Then, take the horse back and begin again; each time walking around the back of the horse and leading it away from the fence with the right rein.
Continue with the pattern until your horse is standing almost adjacent or parallel to the fence.
If you aren’t getting all the steps you’d like, try increasing the emotional level a bit by tapping a little faster. If you can get the horse to move a bit faster, it will usually also take bigger and faster steps, getting you to your goal quicker with is better for both you and your horse.
Now is the time to decide if you are agile enough to climb up on the fence or whether you would prefer to mount from a block. Interestingly, most of my lovely ‘over 40s’ riders find the climbing on the fence the hardest part of this lesson so, if that describes you, practice a couple of times without your horse!
It’s going to be slightly harder for the horse now as you’re changing position.
Climb up on to the fence or stand on the mounting block positioned by the fence. Holding the rein close to the bit, move the horse’s head away from you, while tapping the hip to cue the left hind to the left (see Image C).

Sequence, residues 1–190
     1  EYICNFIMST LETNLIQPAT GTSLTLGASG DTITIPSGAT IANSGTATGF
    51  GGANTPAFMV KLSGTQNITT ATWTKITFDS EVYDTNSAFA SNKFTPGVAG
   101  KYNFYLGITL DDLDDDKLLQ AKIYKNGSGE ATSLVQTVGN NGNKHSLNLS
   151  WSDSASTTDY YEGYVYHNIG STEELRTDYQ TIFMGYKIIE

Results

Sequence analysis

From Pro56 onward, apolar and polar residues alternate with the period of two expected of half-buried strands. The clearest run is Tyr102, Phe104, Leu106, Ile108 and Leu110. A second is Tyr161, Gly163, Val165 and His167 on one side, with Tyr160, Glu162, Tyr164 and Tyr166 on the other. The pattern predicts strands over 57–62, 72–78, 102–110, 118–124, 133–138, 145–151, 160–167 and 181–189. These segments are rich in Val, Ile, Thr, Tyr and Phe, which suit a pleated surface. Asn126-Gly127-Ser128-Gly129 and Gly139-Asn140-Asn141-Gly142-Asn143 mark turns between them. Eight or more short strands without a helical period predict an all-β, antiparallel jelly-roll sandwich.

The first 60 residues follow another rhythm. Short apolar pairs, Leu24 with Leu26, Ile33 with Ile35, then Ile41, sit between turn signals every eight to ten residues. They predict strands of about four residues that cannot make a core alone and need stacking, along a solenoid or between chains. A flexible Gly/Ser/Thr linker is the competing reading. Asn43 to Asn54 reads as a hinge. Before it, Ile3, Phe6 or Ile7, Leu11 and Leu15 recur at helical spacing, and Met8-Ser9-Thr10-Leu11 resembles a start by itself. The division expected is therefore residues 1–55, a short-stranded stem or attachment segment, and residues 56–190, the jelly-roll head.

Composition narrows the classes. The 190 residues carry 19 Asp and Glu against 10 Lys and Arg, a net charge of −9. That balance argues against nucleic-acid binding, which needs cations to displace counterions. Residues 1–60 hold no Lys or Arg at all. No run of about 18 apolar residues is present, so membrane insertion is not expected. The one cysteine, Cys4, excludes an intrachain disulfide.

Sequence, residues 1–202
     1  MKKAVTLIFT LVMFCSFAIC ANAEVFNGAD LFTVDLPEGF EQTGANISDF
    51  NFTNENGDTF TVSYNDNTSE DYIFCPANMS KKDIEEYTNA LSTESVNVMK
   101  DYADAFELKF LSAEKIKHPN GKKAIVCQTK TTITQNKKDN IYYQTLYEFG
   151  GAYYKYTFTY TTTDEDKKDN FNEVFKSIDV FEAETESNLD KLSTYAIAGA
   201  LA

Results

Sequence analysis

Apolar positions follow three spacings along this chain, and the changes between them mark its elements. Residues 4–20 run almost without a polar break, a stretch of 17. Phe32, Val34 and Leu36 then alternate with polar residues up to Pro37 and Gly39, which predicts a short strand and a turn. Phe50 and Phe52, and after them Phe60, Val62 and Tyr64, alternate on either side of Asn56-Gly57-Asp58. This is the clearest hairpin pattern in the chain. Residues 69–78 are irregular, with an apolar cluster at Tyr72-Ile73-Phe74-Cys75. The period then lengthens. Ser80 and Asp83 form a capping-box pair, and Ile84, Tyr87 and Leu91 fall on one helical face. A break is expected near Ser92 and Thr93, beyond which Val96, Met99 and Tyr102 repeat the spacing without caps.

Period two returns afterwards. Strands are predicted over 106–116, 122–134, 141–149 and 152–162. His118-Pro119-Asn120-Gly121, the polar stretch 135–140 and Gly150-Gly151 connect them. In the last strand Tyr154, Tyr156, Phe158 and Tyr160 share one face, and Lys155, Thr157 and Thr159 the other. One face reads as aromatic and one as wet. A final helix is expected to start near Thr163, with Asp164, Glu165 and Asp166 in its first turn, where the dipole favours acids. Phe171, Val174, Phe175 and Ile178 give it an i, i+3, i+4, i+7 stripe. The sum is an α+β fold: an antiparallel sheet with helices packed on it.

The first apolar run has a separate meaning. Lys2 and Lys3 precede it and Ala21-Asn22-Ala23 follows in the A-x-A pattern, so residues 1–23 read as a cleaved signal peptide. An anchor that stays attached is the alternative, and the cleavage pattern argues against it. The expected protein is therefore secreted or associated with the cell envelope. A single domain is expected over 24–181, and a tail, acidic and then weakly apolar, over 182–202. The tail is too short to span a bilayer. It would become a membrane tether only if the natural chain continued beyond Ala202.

Some horses will need to be tapped with the whip and others will have the pattern well-established by this stage. Either way, release everything when the horse is at the fence and praise the horse.
The pattern now becomes you walk straight to the fence from the centre of the arena and climb up. The horse then begins the pattern at a 90o angle to the fence. You then cue the hip to move left, releasing only when the horse is parallel to the fence.
Now your job is to ‘dispense love’. We want the horse to know there is nothing else expected of it (see Image D).
The horse’s job becomes to stand quietly while you stroke and praise it – easy.
Next, weight the saddle and stirrup, and rub your right leg over the horse’s rump, but do not mount (see Image E).
Repeat this process a few times, getting down off the fence before mounting, moving around the back of the horse and leading the horse away from the fence with the right rein.
Finally, mount the horse. You should have no need to have a contact on the horse’s mouth, but can pick one up when you have settled in the saddle.
When you are ready, ask the horse to move off. Make this a clear and, preferably, an audible cue so the horse doesn’t work ‘moving off’ into the mounting cue (that is exactly what’s happened with a horse that doesn’t stand still for mounting).